If you have multiple pension pots, should you bring them together into a single pot? This approach – known as pension consolidation – is a common way to simplify a retirement plan, making your investments easier to manage. Yet how does consolidation work? What are the precise benefits, and is it in everyone’s interests? In this guide, our financial planner here at Vesta Wealth offers some answers for the 2022-23 tax year.
Suppose you work for 5 years as a school administrator, building up a pension via a workplace scheme. When you later change jobs, your pension savings stay with the scheme (unless you choose to move them). In your new role, you begin a new pension under your new employer’s scheme. Over a working life, therefore, it is common for an individual to build multiple pension pots – perhaps a dozen or more. Many people forget about old pensions they have built up, too.
Pension consolidation is the process of tracking down all of these pension schemes and putting everything – or a significant portion of the funds – into a single pot. This typically (but not always) means opening a personal (or “private”) pension which is independent of any of your employers.
Naturally, managing one pension pot is far easier than managing, say, twelve. This means only dealing with one provider and reduces time spent on communication. It also reduces confusion. Since your different schemes are likely to have different rules, you are more likely to mistakenly assume that they operate the same way.
For instance some pensions, particularly very old contracts, may not allow you to take your pension flexibly and it can be difficult to know how you can access your benefits. This can make it difficult to plan your income in retirement, something our financial planners can help you achieve in a tax-efficient manner.
With one pension pot, fewer decisions are required and you may even be able to reduce your costs. Perhaps your new provider offers lower management fees on investment funds compared to your old scheme(s), for instance, which can improve your “real returns.” The new scheme may also offer more flexibility and control over your investments. Maybe your old scheme did not let you invest in certain countries, for example, whilst your new one does.
On death, your new scheme may also offer better “death benefit” options to your loved ones – such as more favourable income and/or wealth transfer options.
Pension consolidation is not right for everyone and there are some risks to consider with a financial adviser. Firstly, certain older schemes may be worth holding onto. In particular, if you have a final salary (or “defined benefit”) pension from previous employment – e.g. teaching – then it is usually best to keep it. These are commonly called “gold plated” pensions due to the prestigious, hard-to-replicate benefits they offer (i.e. a guaranteed, inflation-linked retirement income). Whilst some people may benefit from a pension transfer, the FCA says most will not.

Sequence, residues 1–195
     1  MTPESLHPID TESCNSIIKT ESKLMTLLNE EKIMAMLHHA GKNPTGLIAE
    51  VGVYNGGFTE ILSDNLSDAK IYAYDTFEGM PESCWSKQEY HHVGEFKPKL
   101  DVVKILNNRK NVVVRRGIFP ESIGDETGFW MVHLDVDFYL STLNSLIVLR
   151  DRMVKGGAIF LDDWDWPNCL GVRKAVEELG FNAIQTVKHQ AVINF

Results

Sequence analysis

Secondly, some pension schemes do not make it easy for you to leave. In particular, they may impose costly “exit” fees for transferring your funds to a new provider. Here, it can still be worth consolidating if the financial benefits outweigh the penalties from your old scheme. However, it is not always viable. Thirdly, if you are in poor health and die within two years of a transfer, then HMRC may value it for IHT purposes and add it to the value of your estate (pension pots are normally exempt). To avoid this, it is important to try and perform any consolidation whilst you are in good health.
Finally, it is wise to ensure you are not discarding any valuable benefits from your old scheme before transferring – or, at least, to ensure you are comfortable with losing them. For example, your current scheme might offer a “guaranteed annuity rate” which is more attractive than the rates offered in the wider annuity market in 2022.
Due to potential drawbacks mentioned above, it is common for people to consolidate some (or most) of their old pension schemes – but perhaps not all of them. The precise strategy which is best for you will depend on your financial goals and priorities, your investment risk appetite and horizon, the number/types of your old schemes and the precise benefits they offer compared to those available with a potential new provider. These are quite difficult issues to work through on your own, and many people therefore benefit from professional financial advice to help navigate the complexities and arrive at informed decisions.
The good news is, you can consolidate your pension pots at any time, whilst continuing to save towards your retirement. You can start withdrawing from age 55 under the UK’s Pension Freedom rules (set to rise to 57 in the future), and up to 25% can be taken tax-free. However, consider speaking to a financial adviser before accessing your retirement savings to ensure you can sustain your lifestyle and avoid running out of money.
If you would like to discuss your financial plan and retirement strategy, then we would love to hear from you. Get in touch with your Financial Planner here at Vesta Wealth in Cumbria, Teesside and across the North of England.
Reach us via:
t: 01228 210 137
e: [email protected]
This content is for information purposes only. It should not be taken as financial or investment advice. To receive personalised, regulated financial advice regarding your affairs please consult your Financial Planner here at Vesta Wealth in Cumbria, Teesside and across the North of England.
May 17th, 2022